En EspaŅol

Q. Who is Mr. Smarty Plants?

A: There are those who suspect Wildflower Center volunteers are the culpable and capable culprits. Yet, others think staff members play some, albeit small, role. You can torture us with your plant questions, but we will never reveal the Green Guru's secret identity.

Help us grow by giving to the Plant Database Fund or by becoming a member

Did you know you can access the Native Plant Information Network with your web-enabled smartphone?

Share

Ask Mr. Smarty Plants

Ask Mr. Smarty Plants is a free service provided by the staff and volunteers at the Lady Bird Johnson Wildflower Center.

Search Smarty Plants
    
 
See a list of all Smarty Plants questions
Can't find the answer in our existing FAQs, submit a question to Mr. Smarty Plants.
Need help with plant identification, visit the plant identification page.
 
rate this answer
Not Yet Rated

Thursday - April 15, 2010

From: Houston, TX
Region: Southwest
Topic: Non-Natives
Title: Care for non-native tropical hibiscus in Houston
Answered by: Barbara Medford

QUESTION:

How to care for a tropical hibiscus plant? How much water, sun, fertilizer? I am novice gardener in Houston, TX. From much reading, April seems to be the month I cut all blooms and let the plant lie dormant. Please help, I am confused.

ANSWER:

Since you are a novice gardener, we invite you to read our How-To Article A Guide to Native Plant Gardening. Tthe Lady Bird Johnson Wildflower Center is committed to the use, protection and propagation of plants native not only to North America but to the area in which those plants are being grown, so the Tropical Hibiscus would fall out of our range of expertise. 

There are 13 members of the Hibiscus genus native to North America, 11 native to Texas and two, Hibiscus lasiocarpos (rosemallow) and Hibiscus laevis (halberdleaf rosemallow) native to the Harris County area. Those, however, are not what you could ordinarily refer to as "tropical" hibiscus. You likely have a hybrid of Hibiscus rosa-sinensis, probable origin tropical Asia, much cultivated and hybridized.  You can follow the plant links above to the pages in our Native Plant Database on the Hibiscus native to Harris County, and may learn the answers to some of your questions. We would also refer you to these websites that are NOT confined to natives and have a great deal of information:

Gardening-guides.com Hibiscus: Tropical and Temperate

The Tropical Hibiscus - A Brief History

The American Hibiscus Society

From our Native Plant Image Gallery:


Hibiscus lasiocarpos

Hibiscus lasiocarpos

Hibiscus laevis

Hibiscus laevis

 

 

More Non-Natives Questions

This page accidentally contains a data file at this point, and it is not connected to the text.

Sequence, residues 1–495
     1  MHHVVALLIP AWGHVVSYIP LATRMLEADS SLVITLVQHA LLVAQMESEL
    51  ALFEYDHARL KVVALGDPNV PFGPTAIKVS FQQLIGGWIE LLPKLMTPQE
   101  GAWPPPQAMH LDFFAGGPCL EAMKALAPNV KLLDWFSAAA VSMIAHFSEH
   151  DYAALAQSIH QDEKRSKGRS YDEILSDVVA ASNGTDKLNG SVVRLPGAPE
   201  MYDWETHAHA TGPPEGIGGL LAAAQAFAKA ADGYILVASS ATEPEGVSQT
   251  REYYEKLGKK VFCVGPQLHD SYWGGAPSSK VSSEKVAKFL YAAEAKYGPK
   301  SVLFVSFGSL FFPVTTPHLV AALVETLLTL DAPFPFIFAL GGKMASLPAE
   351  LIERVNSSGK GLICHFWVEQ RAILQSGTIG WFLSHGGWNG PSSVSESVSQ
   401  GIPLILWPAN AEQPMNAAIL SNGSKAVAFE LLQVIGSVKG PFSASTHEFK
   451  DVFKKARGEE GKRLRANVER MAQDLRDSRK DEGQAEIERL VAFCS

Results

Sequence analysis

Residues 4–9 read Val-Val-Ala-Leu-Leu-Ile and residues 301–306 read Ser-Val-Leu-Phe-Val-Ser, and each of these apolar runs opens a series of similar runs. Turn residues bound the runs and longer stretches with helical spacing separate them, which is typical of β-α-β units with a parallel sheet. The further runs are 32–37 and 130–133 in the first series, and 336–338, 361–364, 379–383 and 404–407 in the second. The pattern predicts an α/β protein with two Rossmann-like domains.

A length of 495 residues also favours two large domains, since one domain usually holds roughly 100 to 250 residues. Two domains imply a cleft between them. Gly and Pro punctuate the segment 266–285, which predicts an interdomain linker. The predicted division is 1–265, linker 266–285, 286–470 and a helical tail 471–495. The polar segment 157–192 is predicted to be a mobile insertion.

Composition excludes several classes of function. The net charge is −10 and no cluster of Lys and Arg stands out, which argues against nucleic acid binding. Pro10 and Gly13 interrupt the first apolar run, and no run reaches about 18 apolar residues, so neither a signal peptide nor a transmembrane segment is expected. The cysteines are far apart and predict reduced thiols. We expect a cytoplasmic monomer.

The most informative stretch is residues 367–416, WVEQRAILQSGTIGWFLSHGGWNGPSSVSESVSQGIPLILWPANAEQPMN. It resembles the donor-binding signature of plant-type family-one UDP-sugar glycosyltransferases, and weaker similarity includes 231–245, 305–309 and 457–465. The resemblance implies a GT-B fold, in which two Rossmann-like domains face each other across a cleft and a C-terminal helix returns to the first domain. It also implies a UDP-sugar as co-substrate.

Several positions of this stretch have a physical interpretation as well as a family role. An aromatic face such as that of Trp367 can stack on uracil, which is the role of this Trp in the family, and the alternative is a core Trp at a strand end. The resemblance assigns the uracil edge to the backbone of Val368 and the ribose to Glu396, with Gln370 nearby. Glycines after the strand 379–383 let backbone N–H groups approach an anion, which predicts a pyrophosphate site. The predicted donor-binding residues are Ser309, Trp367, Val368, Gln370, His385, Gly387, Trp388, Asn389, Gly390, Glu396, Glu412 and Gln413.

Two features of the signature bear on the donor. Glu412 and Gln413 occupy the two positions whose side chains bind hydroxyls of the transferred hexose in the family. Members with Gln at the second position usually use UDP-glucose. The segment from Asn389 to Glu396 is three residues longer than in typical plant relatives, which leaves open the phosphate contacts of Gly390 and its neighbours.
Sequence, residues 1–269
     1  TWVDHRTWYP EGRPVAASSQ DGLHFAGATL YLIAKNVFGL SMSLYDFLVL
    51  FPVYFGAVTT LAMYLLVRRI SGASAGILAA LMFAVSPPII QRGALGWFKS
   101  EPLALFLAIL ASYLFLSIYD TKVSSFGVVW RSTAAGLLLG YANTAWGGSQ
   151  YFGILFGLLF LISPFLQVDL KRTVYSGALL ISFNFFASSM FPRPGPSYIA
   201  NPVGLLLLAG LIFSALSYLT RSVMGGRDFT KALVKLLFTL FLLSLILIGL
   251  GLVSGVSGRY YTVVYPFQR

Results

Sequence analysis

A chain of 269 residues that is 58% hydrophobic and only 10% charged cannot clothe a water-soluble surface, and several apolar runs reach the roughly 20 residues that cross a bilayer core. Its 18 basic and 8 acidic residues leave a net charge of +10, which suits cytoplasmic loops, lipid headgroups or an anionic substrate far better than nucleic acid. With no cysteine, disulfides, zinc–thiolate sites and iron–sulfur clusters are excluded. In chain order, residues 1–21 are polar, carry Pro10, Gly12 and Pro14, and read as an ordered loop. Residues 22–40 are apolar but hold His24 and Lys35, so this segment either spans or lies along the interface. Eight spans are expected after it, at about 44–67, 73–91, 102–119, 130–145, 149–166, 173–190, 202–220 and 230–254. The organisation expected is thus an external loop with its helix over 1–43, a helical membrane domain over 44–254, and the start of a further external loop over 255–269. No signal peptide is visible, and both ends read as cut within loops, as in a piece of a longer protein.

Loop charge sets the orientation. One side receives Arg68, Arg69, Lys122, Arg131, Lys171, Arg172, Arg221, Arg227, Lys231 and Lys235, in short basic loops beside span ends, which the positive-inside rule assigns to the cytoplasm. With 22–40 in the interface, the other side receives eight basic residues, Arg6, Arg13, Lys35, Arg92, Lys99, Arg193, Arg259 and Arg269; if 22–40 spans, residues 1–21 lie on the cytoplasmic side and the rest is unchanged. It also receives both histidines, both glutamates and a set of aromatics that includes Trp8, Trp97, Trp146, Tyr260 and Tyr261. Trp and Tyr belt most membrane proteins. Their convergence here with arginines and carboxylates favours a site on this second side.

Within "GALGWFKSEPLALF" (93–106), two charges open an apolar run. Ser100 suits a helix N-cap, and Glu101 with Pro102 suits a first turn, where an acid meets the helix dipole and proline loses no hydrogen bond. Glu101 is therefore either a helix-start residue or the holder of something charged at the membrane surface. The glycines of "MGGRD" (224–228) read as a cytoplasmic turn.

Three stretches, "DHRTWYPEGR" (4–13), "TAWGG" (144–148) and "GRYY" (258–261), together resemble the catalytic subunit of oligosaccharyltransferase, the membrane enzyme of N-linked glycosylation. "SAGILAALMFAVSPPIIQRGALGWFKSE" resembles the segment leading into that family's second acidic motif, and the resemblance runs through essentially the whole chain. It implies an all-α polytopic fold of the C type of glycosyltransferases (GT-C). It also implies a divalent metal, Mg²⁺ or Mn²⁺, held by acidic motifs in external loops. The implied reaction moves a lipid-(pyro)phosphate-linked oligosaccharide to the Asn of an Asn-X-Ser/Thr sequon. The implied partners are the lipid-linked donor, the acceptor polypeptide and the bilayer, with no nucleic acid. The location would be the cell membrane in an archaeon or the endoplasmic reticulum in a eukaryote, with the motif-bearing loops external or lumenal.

A cactus-like plant with stinky flowers
July 22, 2013 - Because of the green parts looking like certain cacti, a friend insists that this plant she saw in Mexico is one. Its blossom doesn't have the rose-like structure that cacti have, but resembles the ...
view the full question and answer

Problems with non-native Eugenia in Scottsdale AZ
June 02, 2012 - I have 5 eugenia topiaries in my courtyard in pots..I notice as the days here in Phoenix get hotter and dry (as usual) they are starting to look bad, even though they are under a shelter out of the di...
view the full question and answer

Problem with crapemyrtle shoots in Victoria, TX
May 13, 2009 - I have a problem with crepe myrtle shoots coming up in my flowerbed. I had to remove a large crepe myrtle tree (18" diameter stump) and digging out the stump was not possible. I killed the stump wi...
view the full question and answer

Identification of insects on crepe myrtle in Florida
May 22, 2013 - I have large colonies of striped bugs on large crepe myrtle in my backyard. They stay in large groups and have long antennae. There are larger black bugs among the groups that appear to corral and g...
view the full question and answer

Problems for non-native St. Augustine grass from Little Rock AR
July 18, 2012 - We sodded St. Augustine grass four weeks ago. For the first three weeks we had no rain and temperatures over 100 degrees. We have watered 20 minutes twice a day since installation. There are brown pat...
view the full question and answer

Smarty Plants's Facebook profile Support the Wildflower Center by Donating Online or Becoming a Member today.

Mr. Smarty Plants wants you to be his Facebook friend. Click the Facebook icon to add yourself to Mr. Smarty Plants list of friends.
E-NEWSLETTER | BECOME A MEMBER | DONATE NOW | MEDIA | SITEMAP
© 2014 Lady Bird Johnson Wildflower Center